Frustrating… 4 taxes on 4 square metres

I’ve never been one to make political comment. As a business owner and citizen – I just get on with working hard to grow a business, raise my children and contribute to the community.

I was asked to participate on The Nation for Sky News on 30 April – just prior to the release of the response by the government to the Henry Review, and also this weeks budget. (see below some of my comments)

I have often invited Julia Gillard to come and hang out at RedBalloon for her to experience the way business is done ‘this century’. How smart employers are investing in people – knowing that engagement gives us a competitive advantage.

Yet again – a government who was given a clear mandate from the people in the last election has failed to support business growth. I’m alarmed that no work has yet been done to clean up the taxation system (70 years and 3 levels of mess)

I pointed out in the interview; it is the cost of collection as well as the financial burden to business that puts such a burden on business. Quite frankly it is a disincentive to grow. (And let’s not talk about payroll tax – because I will just get angry)

I give you an example – we have two off street car spaces at our office – I have to pay the Sydney City Council a special tax on these, about $2000 per year. In addtion to that I have to keep a register of which employee uses them as they could be deemed FBTable. Two taxes on the same tiny bit of real estate. The cost and imposition on compliance is ridiculous. In addition of course we paid stamp duty when purchasing the property and we will pay capital gains tax when we sell it. Four taxes on one tiny bit of real estate – and all that cost of compliance.

We want leaders who will help business grow! No wonder I am cynical.

I’m interested to hear your views.

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4 Comments

  1. Posted May 14, 2010 at 5:37 pm | Permalink

    The last major tax review was apparently conducted in 1975 and it took 30+ years for reform to flow through in drips and drabs. I just don’t think the current Rudd government is up to the task of truly reforming taxation, it appears at the moment they are too politically motivated. I believe to really reform taxation you need to address the 3 tiers of government and whether they help or hinder growth in Australia. Your post already answers that question! We are starting to see a discussion on the relevancy of State Governments, but it will take time and a brave PM to implement any real change. I guess as entrepreneurs we get very frustrated at the slow pace of change, and how expensive that is.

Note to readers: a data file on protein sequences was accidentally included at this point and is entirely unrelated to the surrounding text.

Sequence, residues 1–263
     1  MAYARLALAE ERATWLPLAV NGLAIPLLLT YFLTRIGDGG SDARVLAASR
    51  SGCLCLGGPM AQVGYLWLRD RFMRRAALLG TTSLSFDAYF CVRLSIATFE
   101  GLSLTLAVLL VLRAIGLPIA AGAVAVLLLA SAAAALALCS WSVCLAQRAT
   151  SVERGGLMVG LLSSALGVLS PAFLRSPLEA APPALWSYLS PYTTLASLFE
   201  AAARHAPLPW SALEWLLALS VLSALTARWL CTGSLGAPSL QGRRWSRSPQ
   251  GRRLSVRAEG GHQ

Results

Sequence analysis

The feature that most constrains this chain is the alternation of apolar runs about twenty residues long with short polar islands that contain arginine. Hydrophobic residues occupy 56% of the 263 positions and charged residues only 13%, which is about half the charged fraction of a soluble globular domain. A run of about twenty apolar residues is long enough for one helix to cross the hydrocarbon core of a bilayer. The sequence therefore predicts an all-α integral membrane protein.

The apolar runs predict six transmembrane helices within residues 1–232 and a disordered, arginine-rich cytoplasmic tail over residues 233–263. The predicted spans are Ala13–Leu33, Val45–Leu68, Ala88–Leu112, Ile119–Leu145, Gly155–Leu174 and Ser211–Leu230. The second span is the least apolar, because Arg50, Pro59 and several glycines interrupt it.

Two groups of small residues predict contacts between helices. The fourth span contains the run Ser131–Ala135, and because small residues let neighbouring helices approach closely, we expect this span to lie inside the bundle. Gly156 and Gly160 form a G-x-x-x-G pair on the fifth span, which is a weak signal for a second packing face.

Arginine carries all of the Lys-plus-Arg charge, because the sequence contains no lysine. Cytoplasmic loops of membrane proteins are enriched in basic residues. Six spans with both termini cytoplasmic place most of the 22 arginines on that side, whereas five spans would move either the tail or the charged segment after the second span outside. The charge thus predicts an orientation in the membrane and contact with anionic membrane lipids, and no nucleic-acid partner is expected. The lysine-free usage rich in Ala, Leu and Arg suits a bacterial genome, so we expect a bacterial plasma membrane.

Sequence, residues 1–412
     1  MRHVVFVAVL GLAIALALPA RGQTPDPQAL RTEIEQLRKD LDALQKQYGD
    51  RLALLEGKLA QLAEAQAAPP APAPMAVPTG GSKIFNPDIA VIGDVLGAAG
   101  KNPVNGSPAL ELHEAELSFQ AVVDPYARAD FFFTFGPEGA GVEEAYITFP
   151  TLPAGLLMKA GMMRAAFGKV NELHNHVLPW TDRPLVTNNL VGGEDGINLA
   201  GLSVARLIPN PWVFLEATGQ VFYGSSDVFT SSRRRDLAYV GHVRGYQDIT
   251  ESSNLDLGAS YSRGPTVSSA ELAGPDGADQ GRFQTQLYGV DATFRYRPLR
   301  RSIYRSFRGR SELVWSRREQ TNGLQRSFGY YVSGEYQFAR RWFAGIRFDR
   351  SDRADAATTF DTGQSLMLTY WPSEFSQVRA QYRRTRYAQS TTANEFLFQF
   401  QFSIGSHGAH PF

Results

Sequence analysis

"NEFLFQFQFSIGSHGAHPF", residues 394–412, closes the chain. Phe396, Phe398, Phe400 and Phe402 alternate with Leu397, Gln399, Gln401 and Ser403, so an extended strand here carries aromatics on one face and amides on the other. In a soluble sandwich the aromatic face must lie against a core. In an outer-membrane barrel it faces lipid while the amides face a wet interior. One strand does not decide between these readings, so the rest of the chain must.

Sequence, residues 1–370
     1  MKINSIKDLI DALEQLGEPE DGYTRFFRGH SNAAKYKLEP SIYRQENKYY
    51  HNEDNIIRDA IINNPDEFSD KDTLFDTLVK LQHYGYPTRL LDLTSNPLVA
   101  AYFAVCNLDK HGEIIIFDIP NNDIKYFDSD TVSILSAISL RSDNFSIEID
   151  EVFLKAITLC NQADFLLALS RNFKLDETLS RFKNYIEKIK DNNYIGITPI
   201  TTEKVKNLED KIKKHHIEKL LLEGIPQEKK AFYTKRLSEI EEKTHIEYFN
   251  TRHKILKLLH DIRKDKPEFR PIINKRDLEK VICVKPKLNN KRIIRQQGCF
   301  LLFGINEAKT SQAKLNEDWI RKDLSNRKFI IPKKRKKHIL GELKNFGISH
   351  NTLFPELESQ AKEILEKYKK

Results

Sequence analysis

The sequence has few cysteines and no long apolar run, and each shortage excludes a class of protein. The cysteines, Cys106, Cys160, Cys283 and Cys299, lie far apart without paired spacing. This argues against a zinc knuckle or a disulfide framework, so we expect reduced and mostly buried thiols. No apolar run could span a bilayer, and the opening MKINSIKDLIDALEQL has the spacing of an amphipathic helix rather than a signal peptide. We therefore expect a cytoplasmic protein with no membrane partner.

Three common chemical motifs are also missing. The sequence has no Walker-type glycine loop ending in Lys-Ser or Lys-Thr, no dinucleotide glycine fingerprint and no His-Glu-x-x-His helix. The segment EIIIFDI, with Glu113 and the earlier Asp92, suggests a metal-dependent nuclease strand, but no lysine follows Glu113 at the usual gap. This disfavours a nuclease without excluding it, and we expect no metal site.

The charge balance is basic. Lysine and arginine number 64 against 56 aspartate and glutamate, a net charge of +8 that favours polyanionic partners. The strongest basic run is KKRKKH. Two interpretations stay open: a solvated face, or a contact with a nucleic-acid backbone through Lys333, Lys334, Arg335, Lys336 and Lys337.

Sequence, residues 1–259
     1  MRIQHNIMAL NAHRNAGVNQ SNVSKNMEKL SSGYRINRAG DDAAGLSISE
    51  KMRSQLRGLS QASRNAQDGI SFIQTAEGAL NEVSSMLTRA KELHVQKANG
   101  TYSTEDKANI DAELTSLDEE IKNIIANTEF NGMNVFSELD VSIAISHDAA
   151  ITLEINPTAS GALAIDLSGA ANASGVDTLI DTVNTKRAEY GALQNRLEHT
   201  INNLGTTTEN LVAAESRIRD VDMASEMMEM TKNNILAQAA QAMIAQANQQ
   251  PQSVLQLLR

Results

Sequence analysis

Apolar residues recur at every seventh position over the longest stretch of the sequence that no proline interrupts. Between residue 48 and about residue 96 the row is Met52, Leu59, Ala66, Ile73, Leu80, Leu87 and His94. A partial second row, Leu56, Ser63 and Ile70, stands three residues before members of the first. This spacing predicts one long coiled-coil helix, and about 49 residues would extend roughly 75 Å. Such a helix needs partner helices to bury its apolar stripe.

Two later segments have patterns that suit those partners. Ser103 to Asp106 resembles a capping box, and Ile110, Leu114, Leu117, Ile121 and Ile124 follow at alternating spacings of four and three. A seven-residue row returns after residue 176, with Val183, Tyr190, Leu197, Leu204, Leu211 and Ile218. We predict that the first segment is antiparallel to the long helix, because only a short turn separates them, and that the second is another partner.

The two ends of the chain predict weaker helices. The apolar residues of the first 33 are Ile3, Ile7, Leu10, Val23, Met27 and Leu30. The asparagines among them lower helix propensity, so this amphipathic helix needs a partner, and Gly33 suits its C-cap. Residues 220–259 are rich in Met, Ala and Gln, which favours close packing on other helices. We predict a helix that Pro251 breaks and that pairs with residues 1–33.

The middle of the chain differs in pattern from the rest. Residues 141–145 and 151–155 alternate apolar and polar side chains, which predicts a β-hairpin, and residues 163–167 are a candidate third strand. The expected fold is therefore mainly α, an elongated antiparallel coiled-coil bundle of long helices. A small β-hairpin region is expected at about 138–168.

I’m curious Naomi, did Julia Gillard ever take up your offer?

  2. Posted May 14, 2010 at 9:44 pm | Permalink

    No not a word from Julia Gillard – I even asked Tanya Plibersek to pass on the message when we did Insight together – and after all I am one of her constituents, so you would think that she would be more than happy to pass on the message.

  3. Paul Burke
    Posted May 15, 2010 at 9:17 pm | Permalink

    As a partner in a regionally based accountancy practice, I wholeheartedly agree with your comments Naomi. I suggest that while tax reform is a hot topic it may be productive to have a united, passionate approach from small business to both sides and all levels of politics to push for a bipartisan approach to genuine reform. Motivation could be provided by emphasising and illustrating the potential great value to both the economy and government revenues of dramatically simplified, lower taxing systems, as you allude to in your final comments in ‘The Nation’.

  4. Posted May 15, 2010 at 9:27 pm | Permalink

    It was definitely disappointing that the government didn’t take the opportunity to simplify more of our tax system, but hopefully that still comes over time.

    I was pleased with the reduction in the company tax rate from 30% to 28% and while I feel for the big miners and the Resource Super Profits Tax, I don’t think it’s unreasonable to add that tax to offset taxes for other businesses, given the massive price rises for resources over the last few years.

    http://www.22michaels.com/2010/05/tax-reform-in-australia-impacts-on.html

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